If you are adding new data sources or writing code for our API, we want you to do this with your own local copy of the database instead of the live server used by our website. This means you need several pieces of software installed on your computer to be able to do this:
Postgres is the software that runs our database
A database client lets you view the data in the database, and write SQL queries
Jekyll is the software used to build our website. If you are adding new data sets, you need to be able to write documentation about those data sources on our website.
Python runs the code that adds data to our database and that powers our API. You need a virtual environment with both the right version (3.5) of Python installed as well as the necessary packages we use (Flask, others).
Since installing each of these pieces of software and configuring their settings to talk to each other can be difficult on different computers, Docker provides a way for us to do the configuration once and then you can run our pre-configured combination. Docker creates a virtual machine - this is a virtual computer running Linux, so any software you run in the virtual machine thinks it has been installed on a Linux computer that is configured exactly the same as the one we used to make the setup files. While there are sometimes issues setting up Docker, once you have it installed properly it makes it much faster to start working with a new software stack.
We have a Docker setup for all 4 of these components.
If you have problems installing or setting up Docker, you can also configure Postgres, Jekyll, and a database client independently - ask for help if this is the case.
This file stores configuration information, such as the url and password to our database.
secrets.json is in our .gitignore file so is not included with the code when you cloned our Github repository. You can easily make your own version of the file, though:
This version only includes connection information for a local copy of the database. Later you may need the complete version (for example, if you are updating our production server). Ask a project lead when you run into issues.
When you start each work session, navigate into wherever you keep your housing-insights repository. The current directory should appear just above the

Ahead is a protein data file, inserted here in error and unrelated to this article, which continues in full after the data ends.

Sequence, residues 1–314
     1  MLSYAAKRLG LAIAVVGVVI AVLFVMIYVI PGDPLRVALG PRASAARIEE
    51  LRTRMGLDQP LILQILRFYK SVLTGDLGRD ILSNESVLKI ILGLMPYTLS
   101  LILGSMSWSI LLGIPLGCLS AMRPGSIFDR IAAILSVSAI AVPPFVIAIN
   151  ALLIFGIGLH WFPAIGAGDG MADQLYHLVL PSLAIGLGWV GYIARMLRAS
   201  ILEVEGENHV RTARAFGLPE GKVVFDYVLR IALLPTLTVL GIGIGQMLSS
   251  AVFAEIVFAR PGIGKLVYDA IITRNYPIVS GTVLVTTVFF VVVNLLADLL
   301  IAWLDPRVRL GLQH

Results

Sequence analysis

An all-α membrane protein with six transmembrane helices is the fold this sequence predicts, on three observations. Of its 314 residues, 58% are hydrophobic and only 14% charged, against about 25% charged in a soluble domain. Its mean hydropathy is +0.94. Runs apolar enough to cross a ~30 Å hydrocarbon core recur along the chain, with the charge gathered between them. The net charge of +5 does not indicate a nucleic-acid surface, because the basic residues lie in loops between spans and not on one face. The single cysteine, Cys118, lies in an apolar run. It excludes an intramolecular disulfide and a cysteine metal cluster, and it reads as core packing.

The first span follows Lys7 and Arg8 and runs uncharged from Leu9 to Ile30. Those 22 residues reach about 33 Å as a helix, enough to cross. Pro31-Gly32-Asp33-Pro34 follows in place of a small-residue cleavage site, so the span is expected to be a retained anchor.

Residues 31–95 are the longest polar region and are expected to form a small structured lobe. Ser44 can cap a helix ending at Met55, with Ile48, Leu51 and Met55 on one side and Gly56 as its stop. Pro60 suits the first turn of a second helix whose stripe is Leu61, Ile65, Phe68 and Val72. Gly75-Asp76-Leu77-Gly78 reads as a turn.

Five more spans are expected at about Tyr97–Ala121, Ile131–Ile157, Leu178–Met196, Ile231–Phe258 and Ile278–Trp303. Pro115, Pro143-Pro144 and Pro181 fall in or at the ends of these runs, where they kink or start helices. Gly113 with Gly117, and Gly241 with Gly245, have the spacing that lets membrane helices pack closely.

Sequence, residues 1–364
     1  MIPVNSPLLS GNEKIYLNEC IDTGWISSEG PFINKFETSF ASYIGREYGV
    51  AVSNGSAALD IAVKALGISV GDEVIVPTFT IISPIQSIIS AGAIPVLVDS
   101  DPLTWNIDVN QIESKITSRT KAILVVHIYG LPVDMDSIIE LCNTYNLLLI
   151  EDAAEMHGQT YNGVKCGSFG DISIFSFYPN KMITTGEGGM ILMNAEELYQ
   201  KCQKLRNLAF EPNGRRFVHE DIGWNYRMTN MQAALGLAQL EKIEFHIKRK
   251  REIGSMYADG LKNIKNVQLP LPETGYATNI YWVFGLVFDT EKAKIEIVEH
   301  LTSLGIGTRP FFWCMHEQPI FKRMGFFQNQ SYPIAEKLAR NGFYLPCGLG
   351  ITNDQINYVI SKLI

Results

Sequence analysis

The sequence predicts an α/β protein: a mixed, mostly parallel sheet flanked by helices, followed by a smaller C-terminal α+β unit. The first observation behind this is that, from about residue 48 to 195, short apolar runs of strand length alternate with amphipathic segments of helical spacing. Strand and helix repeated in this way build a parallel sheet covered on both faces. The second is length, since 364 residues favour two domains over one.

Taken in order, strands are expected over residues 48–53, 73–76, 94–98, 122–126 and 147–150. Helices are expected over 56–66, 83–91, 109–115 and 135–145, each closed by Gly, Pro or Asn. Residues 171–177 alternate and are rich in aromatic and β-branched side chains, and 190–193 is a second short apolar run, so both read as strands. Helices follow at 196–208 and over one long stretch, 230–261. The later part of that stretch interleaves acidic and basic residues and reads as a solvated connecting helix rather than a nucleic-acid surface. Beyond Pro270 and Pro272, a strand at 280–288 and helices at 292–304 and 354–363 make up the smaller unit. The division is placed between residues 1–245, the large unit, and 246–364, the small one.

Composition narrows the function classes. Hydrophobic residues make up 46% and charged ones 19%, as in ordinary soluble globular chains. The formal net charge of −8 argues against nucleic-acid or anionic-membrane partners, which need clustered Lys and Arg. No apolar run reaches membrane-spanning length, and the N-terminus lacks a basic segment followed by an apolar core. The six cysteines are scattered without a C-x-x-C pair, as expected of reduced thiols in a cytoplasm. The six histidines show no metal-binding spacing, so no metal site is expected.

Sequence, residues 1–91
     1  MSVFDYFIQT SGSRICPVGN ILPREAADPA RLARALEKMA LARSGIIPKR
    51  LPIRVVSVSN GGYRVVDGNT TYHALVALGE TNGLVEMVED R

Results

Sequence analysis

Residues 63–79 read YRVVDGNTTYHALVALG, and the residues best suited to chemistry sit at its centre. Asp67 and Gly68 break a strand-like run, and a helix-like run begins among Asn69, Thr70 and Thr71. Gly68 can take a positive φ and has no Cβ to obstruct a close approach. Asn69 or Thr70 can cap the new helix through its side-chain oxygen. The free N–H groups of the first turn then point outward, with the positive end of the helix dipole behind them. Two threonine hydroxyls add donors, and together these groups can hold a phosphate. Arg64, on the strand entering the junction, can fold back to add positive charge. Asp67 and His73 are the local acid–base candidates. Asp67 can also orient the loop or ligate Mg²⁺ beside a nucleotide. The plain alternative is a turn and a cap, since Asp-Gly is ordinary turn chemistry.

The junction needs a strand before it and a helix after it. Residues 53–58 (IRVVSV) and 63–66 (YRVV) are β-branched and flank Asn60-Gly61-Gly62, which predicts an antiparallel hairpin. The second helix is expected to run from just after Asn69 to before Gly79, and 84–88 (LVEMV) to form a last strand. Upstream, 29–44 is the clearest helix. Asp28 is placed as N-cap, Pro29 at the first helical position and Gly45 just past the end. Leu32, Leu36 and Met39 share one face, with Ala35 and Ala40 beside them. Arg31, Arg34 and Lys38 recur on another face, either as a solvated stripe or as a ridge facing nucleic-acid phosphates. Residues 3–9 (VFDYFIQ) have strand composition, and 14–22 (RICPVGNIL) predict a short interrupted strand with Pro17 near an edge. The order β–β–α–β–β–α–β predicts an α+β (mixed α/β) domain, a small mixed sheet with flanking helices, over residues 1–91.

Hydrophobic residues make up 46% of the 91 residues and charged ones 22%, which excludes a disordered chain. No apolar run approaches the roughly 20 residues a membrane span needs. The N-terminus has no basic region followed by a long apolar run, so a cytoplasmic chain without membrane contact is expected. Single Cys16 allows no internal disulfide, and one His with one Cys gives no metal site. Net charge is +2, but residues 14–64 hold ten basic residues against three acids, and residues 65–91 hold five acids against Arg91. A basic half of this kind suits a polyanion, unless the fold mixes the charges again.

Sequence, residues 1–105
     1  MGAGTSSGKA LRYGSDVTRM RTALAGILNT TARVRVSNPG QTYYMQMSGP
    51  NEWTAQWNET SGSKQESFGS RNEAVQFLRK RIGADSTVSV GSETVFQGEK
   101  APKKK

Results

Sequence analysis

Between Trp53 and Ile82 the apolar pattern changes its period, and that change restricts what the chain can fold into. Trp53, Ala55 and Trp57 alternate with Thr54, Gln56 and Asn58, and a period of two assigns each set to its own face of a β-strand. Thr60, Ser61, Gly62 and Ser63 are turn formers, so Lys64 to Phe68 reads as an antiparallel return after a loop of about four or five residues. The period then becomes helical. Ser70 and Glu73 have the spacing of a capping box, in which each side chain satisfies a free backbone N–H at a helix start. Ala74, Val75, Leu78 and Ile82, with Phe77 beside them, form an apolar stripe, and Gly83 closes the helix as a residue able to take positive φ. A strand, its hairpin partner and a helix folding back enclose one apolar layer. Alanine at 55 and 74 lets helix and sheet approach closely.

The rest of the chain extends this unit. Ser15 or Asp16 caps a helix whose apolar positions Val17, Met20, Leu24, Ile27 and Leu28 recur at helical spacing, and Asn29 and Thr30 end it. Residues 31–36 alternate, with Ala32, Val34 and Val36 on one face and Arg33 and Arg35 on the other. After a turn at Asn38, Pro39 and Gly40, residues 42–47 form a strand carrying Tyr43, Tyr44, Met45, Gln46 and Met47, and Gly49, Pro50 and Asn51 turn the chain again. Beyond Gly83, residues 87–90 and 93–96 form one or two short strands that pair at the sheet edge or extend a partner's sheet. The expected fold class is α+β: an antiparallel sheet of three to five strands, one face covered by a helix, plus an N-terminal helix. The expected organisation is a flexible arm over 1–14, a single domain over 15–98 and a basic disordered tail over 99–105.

$ in the Quickstart Terminal. You’ll need to use these standard Unix command line commands to get to the right place:
cd .. //move up a level cd myfolder //move down a level into "myfolder" ls //lists all files and folders in your current directory.
In your housing-insights repository folder, run this command:
docker-compose up -d
Once it starts up (might take a moment), you can go to these web addresses:
<yourip>:8081: a web-based Postgres SQL client that lets you run commands on the database, much like pgAdmin or any other database client.
<yourip>:4000: a local copy of our website, housinginsights.org. If you edit any file in the housing-insights/docs folder and save it, the website will be regenerated and you can see the changes when you reload the page.
<yourip>:5432: This one does not work in a browser, but you can use this IP address and port to connect to your local Docker database via your preferred SQL client (Valentina Studio is a good one). This can sometimes be easier to use than the web version at 8081.
docker-compose stop to terminate the processes.
Sometimes if we make updates to the required Python packages, or if one of your containers gets corrupted, you will need to build new copies of the Docker containers. When you run
docker-compose up -d the first time, new container copies are built - however, when you run it again, it uses the old copies. To force docker to build fresh copies, run these commands:
$ docker-compose down $ docker-compose build $ docker-compose up -d
After the final command you should see additional output saying that Docker is downloading and building each of the 4 containers.
If you’ve got Docker running, you should be able to see your database in the web browser at port
8081. But there’s nothing there!
docker-compose ps to see the containers that are running. One of them should be housinginsights_sandbox_1. This is the container that is running the miniconda3 python environment. There is no need to activate or deactivate an virtualenv since it is already sourced.
docker-compose exec sandbox bash to get inside the container.
cd /repo to get into the base directory. The /repo directory is a direct mount of the housing-insights repository on your local computer. You can make changes locally on your machine and they will be available in the docker container.
cd /repo/python/scripts to get to the scripts directory.
python load_data.py docker to load the data
Alternatively, you can use this one liner to load in the data:
docker-compose exec sandbox bash -c 'cd /repo/python/scripts && source activate /opt/conda/envs/housing-insights/ && python load_data.py docker'
You can also update just some parts of the data:
# Deletes all rows with the id 'prescat_project' and then loads new copies of this data from the file listed in manifest.csv $ python load_data.py docker --update-only prescat_project # Delete the whole project table, then add the prescat_project and dchousing_project data sources (useful when new columns are added) $ python load_data.py docker --remove-tables project --update-only prescat_project dchousing_project # Don't load any new data, but recalculate fields in zone_facts and project tables. $ python load_data.py docker --recalculate-only
Typically, the data you’ve loaded previously should still be available after shutting down and starting up Docker again. To check, use your database client to view the contents of the Docker database (for example, visiting localhost:8081 and looking at the list of tables on the left).